Curiosities in Finnish

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Omzinesý
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Re: Curiosities in Finnish

Post by Omzinesý »

Derivational morphology is maybe the most interesting part of Finnish. In this post, I am going to discuss the causative suffix -tta.

All verbs can be causativized. The causee appears in the Adessive which is the instrumental case. Dixon's article on causatives analyses it very oddly because he doesn't seem to know that the adessive is just the instrumental case.

(1)
Teetin kengät suutarilla.
tee-t-i-n kenkä-t suutari-lla
make-CAUS-PST-SG1 shoe-PL.ACC shoemaker-ADDESS
'I let a shoemaker make the shoes.'

Many causatives also are lexicalized.
ajaa 'to drive' -> ajattaa -> ajatella 'to think'
kulua 'to corrode' -> kuluttaa 'to consume'
käydä 'to visit' -> käyttää 'to use'
lähteä -> lähettää 'to send' - lähdettää 'to abort (for animals)'
mennä 'to go' -> menettää 'to loose'
saada 'to get' -> saattaa 'to escort, may'
tuoda 'to bring' -> tuottaa 'to produce'
viedä 'to take' -> viettää 'to spend (time)'
voida 'to be able to' -> voittaa 'to win'

Sometimes it can also be used denominally.
kivi 'a stone' -> kivittää 'to stone'
ase 'a weapon' (but asema 'a position, a station') -> asettaa 'to position'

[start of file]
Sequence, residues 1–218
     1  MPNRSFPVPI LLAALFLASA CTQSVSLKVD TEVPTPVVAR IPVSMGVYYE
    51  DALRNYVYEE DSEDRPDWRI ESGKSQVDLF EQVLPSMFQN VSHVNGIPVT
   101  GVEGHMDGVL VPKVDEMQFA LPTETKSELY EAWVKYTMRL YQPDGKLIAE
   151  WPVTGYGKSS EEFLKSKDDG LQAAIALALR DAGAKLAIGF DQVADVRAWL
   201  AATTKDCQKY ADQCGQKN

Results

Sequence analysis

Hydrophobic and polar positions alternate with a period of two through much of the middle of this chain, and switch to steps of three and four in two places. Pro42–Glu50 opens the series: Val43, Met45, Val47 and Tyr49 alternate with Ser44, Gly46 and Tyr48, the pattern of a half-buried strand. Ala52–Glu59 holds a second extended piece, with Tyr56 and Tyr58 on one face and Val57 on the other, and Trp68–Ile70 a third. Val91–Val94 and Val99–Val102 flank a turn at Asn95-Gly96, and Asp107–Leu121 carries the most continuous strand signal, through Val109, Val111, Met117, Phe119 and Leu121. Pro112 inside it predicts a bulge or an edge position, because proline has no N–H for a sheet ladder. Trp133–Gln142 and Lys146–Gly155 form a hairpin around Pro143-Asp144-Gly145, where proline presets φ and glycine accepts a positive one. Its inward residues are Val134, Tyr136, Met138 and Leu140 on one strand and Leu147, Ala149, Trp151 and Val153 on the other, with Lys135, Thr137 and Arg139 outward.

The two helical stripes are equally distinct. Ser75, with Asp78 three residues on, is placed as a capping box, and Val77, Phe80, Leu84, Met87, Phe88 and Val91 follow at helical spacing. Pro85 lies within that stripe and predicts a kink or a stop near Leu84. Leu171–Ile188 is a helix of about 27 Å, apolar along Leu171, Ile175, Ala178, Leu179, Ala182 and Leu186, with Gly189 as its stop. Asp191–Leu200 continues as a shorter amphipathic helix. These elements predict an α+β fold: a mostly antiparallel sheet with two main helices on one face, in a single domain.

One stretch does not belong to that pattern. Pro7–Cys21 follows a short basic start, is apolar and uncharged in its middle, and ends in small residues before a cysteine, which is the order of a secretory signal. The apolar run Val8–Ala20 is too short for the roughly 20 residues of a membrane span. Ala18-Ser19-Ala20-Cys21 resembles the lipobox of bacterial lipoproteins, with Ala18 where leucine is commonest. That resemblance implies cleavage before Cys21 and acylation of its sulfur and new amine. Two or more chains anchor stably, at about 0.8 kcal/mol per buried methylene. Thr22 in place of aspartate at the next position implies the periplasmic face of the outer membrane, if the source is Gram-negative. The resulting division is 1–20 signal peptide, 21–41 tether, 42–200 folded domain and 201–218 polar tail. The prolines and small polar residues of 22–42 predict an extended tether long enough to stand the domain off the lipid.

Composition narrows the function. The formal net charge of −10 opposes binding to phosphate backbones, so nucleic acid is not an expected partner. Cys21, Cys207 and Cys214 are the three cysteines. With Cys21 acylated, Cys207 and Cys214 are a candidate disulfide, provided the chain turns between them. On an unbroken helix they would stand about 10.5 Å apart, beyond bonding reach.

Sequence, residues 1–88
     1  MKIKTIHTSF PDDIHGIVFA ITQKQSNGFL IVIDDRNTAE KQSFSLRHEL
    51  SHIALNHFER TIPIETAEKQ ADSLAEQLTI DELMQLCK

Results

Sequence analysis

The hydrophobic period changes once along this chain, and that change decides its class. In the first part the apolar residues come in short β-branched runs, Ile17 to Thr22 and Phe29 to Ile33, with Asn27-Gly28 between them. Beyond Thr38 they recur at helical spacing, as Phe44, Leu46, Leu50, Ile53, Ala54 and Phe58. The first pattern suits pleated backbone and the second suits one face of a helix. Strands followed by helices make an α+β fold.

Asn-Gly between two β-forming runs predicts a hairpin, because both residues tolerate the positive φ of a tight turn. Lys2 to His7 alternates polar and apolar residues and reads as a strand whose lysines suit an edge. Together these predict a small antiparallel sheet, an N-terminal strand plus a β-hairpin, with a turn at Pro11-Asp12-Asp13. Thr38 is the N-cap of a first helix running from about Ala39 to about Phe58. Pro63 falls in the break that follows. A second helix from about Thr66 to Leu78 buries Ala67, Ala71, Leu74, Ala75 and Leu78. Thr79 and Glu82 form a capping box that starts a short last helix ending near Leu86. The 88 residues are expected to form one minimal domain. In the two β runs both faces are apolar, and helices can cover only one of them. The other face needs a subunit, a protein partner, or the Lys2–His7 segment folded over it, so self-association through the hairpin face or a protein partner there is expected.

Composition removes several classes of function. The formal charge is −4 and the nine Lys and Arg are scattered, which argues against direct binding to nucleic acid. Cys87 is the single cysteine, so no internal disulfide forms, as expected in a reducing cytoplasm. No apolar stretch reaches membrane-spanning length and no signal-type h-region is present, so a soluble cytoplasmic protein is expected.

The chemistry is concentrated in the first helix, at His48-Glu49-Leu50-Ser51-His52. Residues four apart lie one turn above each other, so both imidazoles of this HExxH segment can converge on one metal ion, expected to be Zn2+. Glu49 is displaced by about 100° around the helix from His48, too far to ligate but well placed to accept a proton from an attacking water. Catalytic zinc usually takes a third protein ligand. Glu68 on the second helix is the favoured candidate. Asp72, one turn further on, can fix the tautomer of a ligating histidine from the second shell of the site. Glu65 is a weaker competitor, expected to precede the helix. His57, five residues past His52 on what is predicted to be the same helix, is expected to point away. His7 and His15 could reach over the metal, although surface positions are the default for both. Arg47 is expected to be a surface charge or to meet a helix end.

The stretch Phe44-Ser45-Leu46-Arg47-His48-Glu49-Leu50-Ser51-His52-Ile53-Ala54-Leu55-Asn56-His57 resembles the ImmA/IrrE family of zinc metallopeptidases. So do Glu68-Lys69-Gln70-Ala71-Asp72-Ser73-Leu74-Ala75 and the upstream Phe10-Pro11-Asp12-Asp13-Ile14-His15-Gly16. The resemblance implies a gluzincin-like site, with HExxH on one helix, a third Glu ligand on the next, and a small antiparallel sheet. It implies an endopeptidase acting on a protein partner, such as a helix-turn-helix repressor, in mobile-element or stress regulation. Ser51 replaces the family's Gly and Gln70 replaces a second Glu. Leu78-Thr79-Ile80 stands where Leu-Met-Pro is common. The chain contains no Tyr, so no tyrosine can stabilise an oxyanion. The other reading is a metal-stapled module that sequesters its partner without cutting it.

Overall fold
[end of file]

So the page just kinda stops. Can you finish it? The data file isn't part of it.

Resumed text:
jälki 'a track' -> jäljittää 'to track'
kahvi 'coffee' -> kahvittaa 'to serve coffee'
My meta-thread: viewtopic.php?f=6&t=5760
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Omzinesý
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Re: Curiosities in Finnish

Post by Omzinesý »

Finnish usually distinguishes (often one derived from the other) stems for transitive and (unassusative) intransitive verbs.

One interesting example is palaa 'to burn (intr.) and polttaa 'to burn (tr.)'. Polttaa is clearly derived from palaa with causative suffixe -ttaa, but there is some irregular ablaut.

(1) Metsä palaa.
forest burn.PRS.sg3
'The forest is burning.'

Because of many conjugation classes, palaa can also be translated 'returns' PRS.SG3 form of palata 'to return', but the context in (1) is quite clear.

(2) Poltan kuivia lehtiä.
burn.PRS.SG1 dry.PART leaf.PL.PART
'I am burning dry leaves.'

Polttaa does also mean 'to smoke'.

(3) Älä polta sisällä.
NEG.IMP.SG2 burn.CONNEG indoors
'Don't smoke indoors.'

In that sense, polttaa can be interpreter either as an (unergative) intransitive verb or an elliptic expression: Älä polta [tupakkaa] sisällä. 'Don't some [tobacco/cigarette] indoors.'

It is generally interesting how transitive verbs without an object develop new idiomatic meanings that can grammaticalize.
My meta-thread: viewtopic.php?f=6&t=5760
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